Come On Already

Not to be the “grammar police,” but I think that some people need to go ahead an enroll themselves in a remedial grammar class.  Maybe one taught by one of my high school teachers, Mrs. Thompson.  Simply put, she would not tolerate idiotic, repeated grammatical errors.

Ten days ago, I wrote about how so many of the commentors on news articles are poor in their use of proper grammar.  It’s like they try to use fancy words that they do not know, and clearly do not know how to use them, all in an effort to appear intelligent or articulate.

Today, I am at the point where I just want to scream.  And I want to scream over what should be something that is common knowledge, at least to anyone that has even the slightest working knowledge of our language.

I’m talking about the proper use of three similar, but very different words:  their, there, and they’re.  It’s getting to the point where, when I read a comment from somebody and they cannot even seem to use these words correctly, I am not even surprised anymore; it is more of a shocker when somebody actually uses them correctly.

It’s really not that difficult (please note, the uses I am listing are not, most likely, exactly as you would find them in the dictionary; I have tried to simplify them the best I can):

Their:  used when describing something or somewhere that is possessed by a person or persons.  For example, “we are going to their house for dinner.”  We are not going to “there” or “they’re” house.
There:  used when indicating location.  For example, “put the books on that bookcase over there.”  You would not put books over “their” or “they’re.”
They’re:  is a contraction, and is used when combining the words “they” and “are.”  For example, “they’re going to the football game Saturday night.”  “Their” or “there” are not going to the game.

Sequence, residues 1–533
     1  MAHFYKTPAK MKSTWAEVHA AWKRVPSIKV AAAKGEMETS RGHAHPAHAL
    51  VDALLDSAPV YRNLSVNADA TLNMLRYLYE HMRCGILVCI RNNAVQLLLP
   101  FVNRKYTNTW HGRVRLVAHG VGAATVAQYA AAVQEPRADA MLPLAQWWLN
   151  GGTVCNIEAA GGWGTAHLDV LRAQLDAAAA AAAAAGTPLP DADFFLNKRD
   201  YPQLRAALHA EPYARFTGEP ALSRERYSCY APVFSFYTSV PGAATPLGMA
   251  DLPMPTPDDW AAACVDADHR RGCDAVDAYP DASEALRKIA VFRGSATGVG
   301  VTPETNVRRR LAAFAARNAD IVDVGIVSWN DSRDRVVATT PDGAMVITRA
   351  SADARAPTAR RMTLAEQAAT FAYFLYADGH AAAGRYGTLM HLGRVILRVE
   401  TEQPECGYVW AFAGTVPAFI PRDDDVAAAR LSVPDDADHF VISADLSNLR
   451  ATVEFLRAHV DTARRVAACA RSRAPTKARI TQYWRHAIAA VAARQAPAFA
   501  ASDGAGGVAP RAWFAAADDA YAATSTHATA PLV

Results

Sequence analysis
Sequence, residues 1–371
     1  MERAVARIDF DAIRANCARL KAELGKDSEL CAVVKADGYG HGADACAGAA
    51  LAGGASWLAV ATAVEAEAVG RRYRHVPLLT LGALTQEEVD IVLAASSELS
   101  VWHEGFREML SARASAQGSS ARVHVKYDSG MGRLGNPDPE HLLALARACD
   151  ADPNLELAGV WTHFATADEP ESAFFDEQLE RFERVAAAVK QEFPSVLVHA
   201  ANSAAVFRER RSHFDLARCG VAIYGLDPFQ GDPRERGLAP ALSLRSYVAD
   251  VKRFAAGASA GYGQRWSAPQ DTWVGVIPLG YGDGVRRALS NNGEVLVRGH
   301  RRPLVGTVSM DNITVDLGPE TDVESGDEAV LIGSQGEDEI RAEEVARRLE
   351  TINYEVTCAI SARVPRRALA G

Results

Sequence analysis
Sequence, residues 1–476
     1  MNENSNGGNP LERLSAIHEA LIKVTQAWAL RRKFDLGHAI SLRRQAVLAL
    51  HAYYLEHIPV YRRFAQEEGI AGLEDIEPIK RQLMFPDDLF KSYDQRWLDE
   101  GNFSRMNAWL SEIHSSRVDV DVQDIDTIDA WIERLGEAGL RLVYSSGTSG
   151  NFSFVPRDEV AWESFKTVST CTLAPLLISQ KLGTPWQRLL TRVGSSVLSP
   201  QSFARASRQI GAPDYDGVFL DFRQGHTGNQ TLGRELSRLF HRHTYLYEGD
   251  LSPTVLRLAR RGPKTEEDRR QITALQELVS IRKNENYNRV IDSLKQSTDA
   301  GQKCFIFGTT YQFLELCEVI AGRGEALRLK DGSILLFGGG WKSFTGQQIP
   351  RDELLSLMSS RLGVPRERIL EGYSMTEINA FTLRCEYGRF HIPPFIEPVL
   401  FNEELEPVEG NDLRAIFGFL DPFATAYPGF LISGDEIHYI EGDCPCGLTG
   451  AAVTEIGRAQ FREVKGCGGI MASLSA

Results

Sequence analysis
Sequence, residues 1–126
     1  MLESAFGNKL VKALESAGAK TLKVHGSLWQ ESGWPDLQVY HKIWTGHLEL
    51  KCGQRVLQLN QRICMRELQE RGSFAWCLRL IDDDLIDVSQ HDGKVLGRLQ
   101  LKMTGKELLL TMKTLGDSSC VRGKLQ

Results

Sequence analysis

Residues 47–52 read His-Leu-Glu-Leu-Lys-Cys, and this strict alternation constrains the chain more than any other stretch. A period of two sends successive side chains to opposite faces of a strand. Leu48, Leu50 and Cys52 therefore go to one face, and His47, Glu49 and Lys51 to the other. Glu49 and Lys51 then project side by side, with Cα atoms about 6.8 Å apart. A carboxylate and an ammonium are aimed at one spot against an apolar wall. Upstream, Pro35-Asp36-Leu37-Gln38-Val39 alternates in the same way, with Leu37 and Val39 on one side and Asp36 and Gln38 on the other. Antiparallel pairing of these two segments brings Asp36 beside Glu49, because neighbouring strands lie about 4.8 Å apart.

I’ve written it before, but I will go ahead and put it out there again.  You basically nullify everything you are saying, and give up any advantage you have or point you were trying to make, when you cannot even use proper grammar.  Maybe these errors are meaningless to you, but their (you see what I did there, I used the proper terms twice) use and acceptance is contributing to the lower intelligence of our nation’s children (ok, so not these errors alone, but they sure contribute).

Maybe I am being trite and picky, but I really cannot stand continued grammatical errors (Mrs. Thompson would be so proud).  And don’t get me started on “to” and “too.”



3 Responses to Come On Already

  1. ryan85 says:

    When I find someone terribly upset about grammar abuse I pat their shoulder and comfort them saying, “Their, there, they’re.” You might enjoy the syntax abuse links I have at

  2. Pingback: Kidding, I Hope « Our Not So Expert Opinions

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